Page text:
I was told that seasoning the steak specifically before you sous vide dries out the meat, so it's best to salt and pepper right before the sear at the end. I used the Montreal Steak seasoning but some purists believe in just s&p. I could tell the steak was juicier.
 

Out of the Rafters at the Q

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For those that sous vide, do you:
  • Season meat before sous vide?
  • Season meat after sous vide but before searing?
Can you:
  • Season all the meat, vacuum seal them and freeze for late?
  • Season the meat you plan on cooking the next day and sealing it?
Is it better to:
  • Freeze in a regular bag and sealing it later?
  • Seal and freeze?
It depends what you're trying to accomplish. I add flavorings before sealing the bag, but salt I have to be careful with, as it chemically impacts the meat. Pepper is also something you have to realize burns/chars at high temps, so put it on after a sear if you want it fresh and fragrant, or before if you like that burnt pepper taste and crust. I typically both S&P later in the process.

You can definitely put all your flavorings in the bag, then freeze. I do it all the time. You want to seal then freeze--no reason to use multiple bags, and no reason to take less than a quality vacuum seal if you're freezing.
 

Randolphkeys

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You can definitely put all your flavorings in the bag, then freeze. I do it all the time. You want to seal then freeze--no reason to use multiple bags, and no reason to take less than a quality vacuum seal if you're freezing.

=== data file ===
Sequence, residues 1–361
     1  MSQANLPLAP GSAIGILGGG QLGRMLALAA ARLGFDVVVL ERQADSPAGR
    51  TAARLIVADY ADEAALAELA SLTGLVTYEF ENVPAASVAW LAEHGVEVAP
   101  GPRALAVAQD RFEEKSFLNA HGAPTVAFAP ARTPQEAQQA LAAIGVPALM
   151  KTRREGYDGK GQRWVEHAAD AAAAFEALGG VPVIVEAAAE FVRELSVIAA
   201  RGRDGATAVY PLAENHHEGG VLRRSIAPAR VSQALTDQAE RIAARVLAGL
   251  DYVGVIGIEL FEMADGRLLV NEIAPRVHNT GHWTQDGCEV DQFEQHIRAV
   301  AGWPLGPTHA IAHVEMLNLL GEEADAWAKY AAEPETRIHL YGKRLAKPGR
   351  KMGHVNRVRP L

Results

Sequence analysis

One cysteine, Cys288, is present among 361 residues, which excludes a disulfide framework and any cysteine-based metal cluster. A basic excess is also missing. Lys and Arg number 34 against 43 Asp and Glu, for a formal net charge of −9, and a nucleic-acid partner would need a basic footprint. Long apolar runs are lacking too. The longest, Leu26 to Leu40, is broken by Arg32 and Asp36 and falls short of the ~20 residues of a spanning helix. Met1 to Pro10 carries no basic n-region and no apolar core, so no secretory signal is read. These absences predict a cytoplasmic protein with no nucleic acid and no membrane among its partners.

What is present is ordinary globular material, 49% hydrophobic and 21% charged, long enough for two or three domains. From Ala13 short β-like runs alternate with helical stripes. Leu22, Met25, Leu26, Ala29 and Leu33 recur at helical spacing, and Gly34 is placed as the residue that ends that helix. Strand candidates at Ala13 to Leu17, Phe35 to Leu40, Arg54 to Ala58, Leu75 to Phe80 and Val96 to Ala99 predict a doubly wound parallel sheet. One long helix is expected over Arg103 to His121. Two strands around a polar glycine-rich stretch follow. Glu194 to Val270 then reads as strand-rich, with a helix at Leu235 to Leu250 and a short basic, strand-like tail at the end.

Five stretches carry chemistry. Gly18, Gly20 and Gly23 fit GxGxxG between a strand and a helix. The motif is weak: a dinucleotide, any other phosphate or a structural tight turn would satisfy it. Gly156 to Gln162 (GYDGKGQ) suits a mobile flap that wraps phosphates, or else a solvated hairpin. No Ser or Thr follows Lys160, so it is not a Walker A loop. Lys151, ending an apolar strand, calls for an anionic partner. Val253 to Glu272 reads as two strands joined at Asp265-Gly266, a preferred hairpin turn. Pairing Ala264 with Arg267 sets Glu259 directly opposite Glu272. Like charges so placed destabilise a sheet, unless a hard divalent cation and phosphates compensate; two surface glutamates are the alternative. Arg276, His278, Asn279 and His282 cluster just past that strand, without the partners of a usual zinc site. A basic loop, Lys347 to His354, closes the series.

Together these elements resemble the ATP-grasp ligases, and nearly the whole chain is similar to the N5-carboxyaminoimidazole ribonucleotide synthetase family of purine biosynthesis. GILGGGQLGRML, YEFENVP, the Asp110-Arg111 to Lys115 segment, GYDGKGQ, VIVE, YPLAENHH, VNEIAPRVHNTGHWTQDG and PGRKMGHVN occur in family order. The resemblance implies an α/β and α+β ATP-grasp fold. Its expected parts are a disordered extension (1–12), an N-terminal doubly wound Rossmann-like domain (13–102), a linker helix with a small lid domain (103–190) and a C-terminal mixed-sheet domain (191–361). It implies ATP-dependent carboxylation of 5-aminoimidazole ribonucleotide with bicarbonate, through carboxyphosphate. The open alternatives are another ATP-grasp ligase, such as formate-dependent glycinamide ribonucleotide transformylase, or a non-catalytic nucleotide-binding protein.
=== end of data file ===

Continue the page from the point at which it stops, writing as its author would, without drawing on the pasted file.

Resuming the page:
Agreed with freezing with seasonings/marinade with pork and chicken with this process, all the way.
 

Randolphkeys

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IMG_20200610_152529.jpg

Threw together Do Chua, the daikon and carrot slaw in Vietnamese food. Because why let others Bánh mì when I can banh myself.

I'm doing a beef ball pho and vermicelli rice noodles bowl with mahi mahi, need the slaw for the noodle bowls.
 

Randolphkeys

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A couple pics of yesterday's work. My eldest son is nine and I wanted to do something different to engage him in a project. So little is open, but the Asian grocery store is just weird enough to feel like an adventure. First we grated daikon and carrot to make the Do Chua. Dressing: 1/3 cup of white sugar and about one teaspoon of salt dissolved in a 1/2 cup of hot water, then 1/2 cup white vinegar.

IMG_20200610_182334.jpg

Then I did most of the work for the Vietnamese noodle salad with mahi mahi. I used a griddle instead of the grill this time because I just want a 2 minute sear on each side. The dressing for the noodle salad is as follows: